It’s not quite Amazon, but it’s definitely a big deal… Walmart’s Global Chief Technology Officer Suresh Kumar spoke at some length about crypto’s future as a payment method at the recent All Markets Summit.
Let’s be real. Crypto to fiat options are still lacking. By this point, things have almost taken a bizarre turn. For every one store that accepts crypto as readily as any other currency, there is another store in the same industry – virtually a doppelgänger – that doesn’t. In some sense, that doesn’t even really matter. MasterCard has the Gemini crypto credit card, Visa has its own crypto cards and supports pay-with-crypto at participating merchants.
Is it possible to transfer crypto to a fiat wallet? It has been for the better part of a decade. So crypto adoption among retailers remains one of the most important “whens” in the market, even though it’s happened already.
We’ve discussed Walmart’s plans before, and put the scope of their potential impact on the crypto market into perspective:
Currently, Walmart accounts for $43 billion in ecommerce sales in the U.S. last year. Another way of looking at this: Walmart collected over ¼ of all “click and collect” (or buy online for in-store pick-up) orders in 2021. In-store pick-up sales turn Walmart’s massive retail footprint into a benefit, rather than a costly liability, against the ecommerce juggernaut Amazon.
Walmart’s crypto plans go a little beyond accepting payment in crypto…
Kumar said that crypto payment is an area that the retail giant wants to tap into in more ways than one. For starters, he mentioned frictionless, not contactless payment. (After all, you’re always making contact with something.) Frictionless, though – that implies ease of use. The easier a process is for people, the more rapidly they’ll try it out. And the better the chance the try-it-out phase becomes adoption.
Retail crypto payments already work well in most cases, but it makes sense that a company of Walmart’s size has to take some extra steps of caution. (That’s probably why they’ve employed 5,000 tech employees in North America as the expansion into crypto continues.)
Other than seeing crypto as a payment method of the future, Kumar also touched upon two novelties, one reasonable and the other as-yet unproven. Specifically, these are “donations” for various online streamers and so-called metaverse stores.
Regarding donations: streaming and general user-generated video has replaced movies, TV shows and hopefully the news for many. The popular Twitch platform, which has hundreds of thousands of live viewers every day, is just one example of a “choose your own TV” website. On Twitch, donations to broadcasters make most of their revenue. While the site uses its native tokens and fiat currencies as on-screen payment methods, it’s a blueprint for what could become a new way of consuming digital media.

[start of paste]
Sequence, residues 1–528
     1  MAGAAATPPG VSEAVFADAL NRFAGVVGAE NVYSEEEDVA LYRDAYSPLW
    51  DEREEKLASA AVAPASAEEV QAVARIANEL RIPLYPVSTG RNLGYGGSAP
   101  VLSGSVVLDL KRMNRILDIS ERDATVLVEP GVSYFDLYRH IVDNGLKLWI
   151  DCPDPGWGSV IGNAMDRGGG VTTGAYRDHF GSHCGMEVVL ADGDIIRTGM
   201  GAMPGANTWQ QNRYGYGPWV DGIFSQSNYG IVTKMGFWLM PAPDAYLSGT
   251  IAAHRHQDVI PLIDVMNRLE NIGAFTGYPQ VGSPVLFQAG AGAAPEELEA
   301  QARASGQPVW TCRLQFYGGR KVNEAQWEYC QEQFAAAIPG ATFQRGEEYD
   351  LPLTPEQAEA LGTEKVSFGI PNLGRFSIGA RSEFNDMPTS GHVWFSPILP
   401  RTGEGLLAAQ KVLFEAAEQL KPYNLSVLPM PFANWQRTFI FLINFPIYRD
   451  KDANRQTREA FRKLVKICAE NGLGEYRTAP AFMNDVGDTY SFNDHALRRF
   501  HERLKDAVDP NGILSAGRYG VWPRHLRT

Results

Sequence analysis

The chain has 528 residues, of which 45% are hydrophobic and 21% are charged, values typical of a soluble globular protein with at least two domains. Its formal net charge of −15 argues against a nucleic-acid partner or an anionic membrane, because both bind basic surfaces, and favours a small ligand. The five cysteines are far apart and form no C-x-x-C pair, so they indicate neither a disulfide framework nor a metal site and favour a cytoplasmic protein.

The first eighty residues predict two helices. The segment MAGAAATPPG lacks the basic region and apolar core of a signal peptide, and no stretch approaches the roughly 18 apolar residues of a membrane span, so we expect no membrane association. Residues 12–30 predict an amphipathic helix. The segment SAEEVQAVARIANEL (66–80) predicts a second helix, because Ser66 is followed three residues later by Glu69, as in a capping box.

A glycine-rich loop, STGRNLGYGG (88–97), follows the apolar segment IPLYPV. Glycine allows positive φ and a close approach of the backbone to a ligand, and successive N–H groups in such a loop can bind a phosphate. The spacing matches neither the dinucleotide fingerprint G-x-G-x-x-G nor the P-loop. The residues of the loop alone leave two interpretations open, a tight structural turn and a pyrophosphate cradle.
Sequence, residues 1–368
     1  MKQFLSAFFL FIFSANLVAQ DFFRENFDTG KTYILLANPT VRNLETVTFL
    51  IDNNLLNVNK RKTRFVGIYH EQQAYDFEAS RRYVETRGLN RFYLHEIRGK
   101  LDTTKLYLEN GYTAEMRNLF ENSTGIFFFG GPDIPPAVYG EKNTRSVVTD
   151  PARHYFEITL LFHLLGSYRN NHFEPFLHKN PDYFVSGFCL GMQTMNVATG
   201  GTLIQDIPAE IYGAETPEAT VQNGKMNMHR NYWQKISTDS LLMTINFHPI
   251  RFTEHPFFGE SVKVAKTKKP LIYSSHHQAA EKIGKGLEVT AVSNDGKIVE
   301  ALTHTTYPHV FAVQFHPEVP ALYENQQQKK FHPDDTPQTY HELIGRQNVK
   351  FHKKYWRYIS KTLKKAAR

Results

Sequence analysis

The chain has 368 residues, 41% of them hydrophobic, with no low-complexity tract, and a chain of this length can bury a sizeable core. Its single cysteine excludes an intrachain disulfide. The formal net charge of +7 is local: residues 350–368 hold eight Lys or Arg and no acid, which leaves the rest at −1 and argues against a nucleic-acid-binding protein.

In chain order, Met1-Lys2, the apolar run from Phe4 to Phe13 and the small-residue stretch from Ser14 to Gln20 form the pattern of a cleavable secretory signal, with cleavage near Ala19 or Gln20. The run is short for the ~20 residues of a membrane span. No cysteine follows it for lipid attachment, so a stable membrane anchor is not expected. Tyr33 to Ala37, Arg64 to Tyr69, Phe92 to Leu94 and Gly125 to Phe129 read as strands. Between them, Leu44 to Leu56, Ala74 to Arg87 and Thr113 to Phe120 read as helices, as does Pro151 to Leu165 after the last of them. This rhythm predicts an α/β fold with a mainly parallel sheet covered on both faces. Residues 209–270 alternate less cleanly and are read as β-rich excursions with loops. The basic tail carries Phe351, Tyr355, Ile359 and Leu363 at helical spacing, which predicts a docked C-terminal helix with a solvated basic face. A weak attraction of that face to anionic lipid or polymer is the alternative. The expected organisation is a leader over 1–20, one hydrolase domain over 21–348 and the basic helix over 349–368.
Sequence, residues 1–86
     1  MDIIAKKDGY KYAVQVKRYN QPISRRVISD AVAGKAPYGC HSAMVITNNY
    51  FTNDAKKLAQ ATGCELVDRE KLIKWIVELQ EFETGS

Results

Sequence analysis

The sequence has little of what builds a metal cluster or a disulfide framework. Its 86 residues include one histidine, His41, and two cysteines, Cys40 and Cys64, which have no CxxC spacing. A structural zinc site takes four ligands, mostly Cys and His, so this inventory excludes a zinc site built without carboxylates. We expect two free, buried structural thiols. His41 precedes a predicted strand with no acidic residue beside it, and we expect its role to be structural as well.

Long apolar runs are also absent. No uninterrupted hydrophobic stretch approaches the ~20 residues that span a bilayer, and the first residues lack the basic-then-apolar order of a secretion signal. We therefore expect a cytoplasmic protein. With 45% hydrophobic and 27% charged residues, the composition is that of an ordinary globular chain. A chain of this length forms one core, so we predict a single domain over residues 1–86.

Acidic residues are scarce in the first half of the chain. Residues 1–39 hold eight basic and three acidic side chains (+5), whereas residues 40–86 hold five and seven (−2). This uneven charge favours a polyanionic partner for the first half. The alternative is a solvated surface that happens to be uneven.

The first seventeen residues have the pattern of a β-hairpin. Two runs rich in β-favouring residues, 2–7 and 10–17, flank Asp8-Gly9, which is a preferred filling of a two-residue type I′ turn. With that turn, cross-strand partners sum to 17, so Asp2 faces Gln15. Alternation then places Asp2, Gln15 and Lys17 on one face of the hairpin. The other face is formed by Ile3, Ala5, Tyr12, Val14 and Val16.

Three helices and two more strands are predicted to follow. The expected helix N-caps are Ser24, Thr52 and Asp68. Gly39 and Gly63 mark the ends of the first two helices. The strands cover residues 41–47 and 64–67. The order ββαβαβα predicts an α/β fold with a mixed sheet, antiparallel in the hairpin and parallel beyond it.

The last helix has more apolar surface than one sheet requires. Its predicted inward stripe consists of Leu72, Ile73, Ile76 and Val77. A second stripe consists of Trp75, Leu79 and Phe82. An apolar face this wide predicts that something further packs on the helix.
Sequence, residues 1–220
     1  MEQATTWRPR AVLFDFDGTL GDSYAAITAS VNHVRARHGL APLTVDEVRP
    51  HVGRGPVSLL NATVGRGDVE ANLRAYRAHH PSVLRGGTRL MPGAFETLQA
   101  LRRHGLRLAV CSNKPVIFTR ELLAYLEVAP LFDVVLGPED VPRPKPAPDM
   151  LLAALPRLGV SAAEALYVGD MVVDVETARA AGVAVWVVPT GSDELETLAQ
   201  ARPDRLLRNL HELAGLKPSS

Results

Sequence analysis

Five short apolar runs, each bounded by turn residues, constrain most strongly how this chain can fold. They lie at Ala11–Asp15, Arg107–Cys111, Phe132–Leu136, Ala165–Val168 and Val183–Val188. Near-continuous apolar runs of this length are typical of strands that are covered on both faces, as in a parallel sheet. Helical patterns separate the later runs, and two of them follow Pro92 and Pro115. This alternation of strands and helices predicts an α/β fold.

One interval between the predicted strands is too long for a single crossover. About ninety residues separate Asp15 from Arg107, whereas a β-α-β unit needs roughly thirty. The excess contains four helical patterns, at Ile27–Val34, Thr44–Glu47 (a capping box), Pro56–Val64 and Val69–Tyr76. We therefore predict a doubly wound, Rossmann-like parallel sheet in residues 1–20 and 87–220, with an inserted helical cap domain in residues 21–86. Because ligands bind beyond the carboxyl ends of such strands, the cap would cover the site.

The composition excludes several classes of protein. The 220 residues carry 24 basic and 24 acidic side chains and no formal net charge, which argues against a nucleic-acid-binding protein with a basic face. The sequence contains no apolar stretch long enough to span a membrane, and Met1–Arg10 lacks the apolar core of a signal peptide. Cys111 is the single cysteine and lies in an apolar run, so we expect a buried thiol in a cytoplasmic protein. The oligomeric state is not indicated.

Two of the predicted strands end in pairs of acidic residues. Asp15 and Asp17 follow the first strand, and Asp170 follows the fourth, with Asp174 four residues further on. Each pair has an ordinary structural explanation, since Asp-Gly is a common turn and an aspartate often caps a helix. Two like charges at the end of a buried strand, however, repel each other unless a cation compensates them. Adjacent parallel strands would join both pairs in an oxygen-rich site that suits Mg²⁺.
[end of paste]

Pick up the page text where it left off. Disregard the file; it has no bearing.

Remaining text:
Metaverse stores are a little more contentious. Nike is building an online metaverse store called Nikeland, based on NFTs and therefore cryptocurrencies. Walmart seems to be hinting to the same.
But why? Online stores already exist, and the reasons we visit physical stores aren’t going to go away. You have to try it before you buy it sometimes, right? And there’s no real ecommerce equivalent of wandering up and down the aisles, just looking.
Even sol, Kumar has praise for both.
I think a lot of the disruption is going to start happening in terms of different payment methods, and different payment options.
If you’re wondering how to make everyday purchases with crypto, the question is probably more of a “where” rather than “how”. It remains a store-dependent thing. We can’t say that every single store is going to accept crypto down the line. (With how fiat is shaping up, though, maybe.)
The more big names offer a crypto plug, the more smaller stores will be inclined to do so. The relative lack of plugs remains one of the biggest issues in the crypto market, but seeing it remedied slowly but surely gives cause for optimism. After all, the more useful crypto is, the more people will use crypto – pushing the entire marketplace ever closer to the tipping point, from “interesting” to “vital.”
When will that happen? We can’t say for sure (though it already has in some parts of the world) – but what we can say is, as with most things, it’s usually better to be early rather than late. You don’t want to be the last person holding paper when even Walmart is moving into the blockchain.
Fortunately, getting started with crypto is easier than ever.